Introduction to Snooker by Tim Dunkley

This post is the first in a series by snooker expert, coach and writer Tim Dunkley. Tim will be talking us through all there is to know about snooker, with a few pro tips thrown in along the way – over to you Tim!

Introduction to snooker

SNOOKER is the most stressful, calming, maddening, rewarding, frustrating and exciting of games.

It’s played on a 12ft long by 6ft wide piece of hell on earth.

The trick is to make this difficult game as simple as possible. And that is hard. But we’ll give it a go.

How to play snooker

AT THE start of a frame, 15 red balls (worth one point each) are formed in a triangle. Six coloured balls are placed on their own spots: yellow (worth two points), green (three), brown (four), blue (five), pink (six) and black (seven).

The cue-ball is played from the semi-circle towards the reds. If a red is potted it stays in the pocket and that player can attempt any of the six colours. If a colour is potted it is put back on its spot. Then it’s back to a red and so on until a pot is missed and the second player steps forward.

When all the reds are in the pockets, the colours are potted in order from yellow to black but not re-spotted. The player who has the most points after the final black is potted or fouled is the winner.

A break is two or more scoring shots added together. So a red and black is a break of eight.

How to get started

MOST snooker clubs run Saturday or Sunday morning junior sessions for kids as young as seven. And they provide cues and coaching. Search the internet for your nearest one.

For older (and wiser?) players, pop into your nearest snooker club or working man’s club or Royal British Legion or Conservative club.

You don’t actually have to play a game. Experiment by knocking the cue-ball up and down the table over the spots. Does it travel in a straight line? Easier said than done.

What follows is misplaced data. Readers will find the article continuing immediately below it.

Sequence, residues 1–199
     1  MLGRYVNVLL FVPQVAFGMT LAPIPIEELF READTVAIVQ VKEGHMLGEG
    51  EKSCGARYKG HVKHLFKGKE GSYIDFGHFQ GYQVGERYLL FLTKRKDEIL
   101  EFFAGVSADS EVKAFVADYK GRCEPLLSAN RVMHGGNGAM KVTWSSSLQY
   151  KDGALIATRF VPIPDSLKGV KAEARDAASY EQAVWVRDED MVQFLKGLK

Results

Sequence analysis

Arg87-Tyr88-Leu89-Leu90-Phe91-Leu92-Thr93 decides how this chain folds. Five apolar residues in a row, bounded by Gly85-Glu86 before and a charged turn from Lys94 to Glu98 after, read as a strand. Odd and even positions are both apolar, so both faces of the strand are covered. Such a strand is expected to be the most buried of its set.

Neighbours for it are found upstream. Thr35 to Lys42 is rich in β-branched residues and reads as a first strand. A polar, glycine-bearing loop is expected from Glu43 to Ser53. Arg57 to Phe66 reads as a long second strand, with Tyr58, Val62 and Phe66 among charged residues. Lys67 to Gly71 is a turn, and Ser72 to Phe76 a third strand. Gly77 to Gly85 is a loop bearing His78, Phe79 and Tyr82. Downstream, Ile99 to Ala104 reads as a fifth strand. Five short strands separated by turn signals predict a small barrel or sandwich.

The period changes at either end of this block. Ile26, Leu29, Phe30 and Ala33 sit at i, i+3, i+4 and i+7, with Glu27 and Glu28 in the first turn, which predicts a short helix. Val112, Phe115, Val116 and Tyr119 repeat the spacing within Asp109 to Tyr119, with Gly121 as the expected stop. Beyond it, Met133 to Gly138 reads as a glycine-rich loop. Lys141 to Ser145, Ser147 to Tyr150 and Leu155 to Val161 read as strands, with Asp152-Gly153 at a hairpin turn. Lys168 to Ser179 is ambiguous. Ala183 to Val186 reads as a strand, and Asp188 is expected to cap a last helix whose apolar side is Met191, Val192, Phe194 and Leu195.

Feeling adventurous? Line up all 21 reds and colours from the brown spot to the black spot. Start wherever you want and pot any ball to get position on any other ball. See how many you can sink before you miss.

Ask behind the bar for details of competitions. Every area has a social clubs league catering for all standards. You’ll be surprised at how well you fit in, even if your high break is only 16.

Coaching tips

A DECENT approach, stance and cue-action are so much more important for local league snooker players than for their pool counterparts. Snooker pockets are smaller and further away.

Step in on the line of the shot, take your cue-tip to the cue-ball, drop your chest and chin onto your cue and strike the centre of the cue-ball in a straight line.

Wow! That sounded easy.

But you’ll be amazed at how accurately you can strike an object ball if your pre-shot routine is grooved in.

Did you know?

SNOOKER players wear waistcoats because men used to dress in three-piece suits for dinner parties and would remove their jackets after they had eaten to play billiards.

World number 54 Michael White made a century break aged nine.

Neville Chamberlain (not the World War 2 prime minister) is thought to have invented the game in India, in 1875.

Useful websites

CHECK out the professional game and read the official rules of snooker at www.worldsnooker.com.

About the writer

TIM Dunkley is a World Snooker coach, freelance writer and press officer for the World Ladies Billiards & Snooker Association. He is based at Chandler’s Ford Snooker Club near Southampton.


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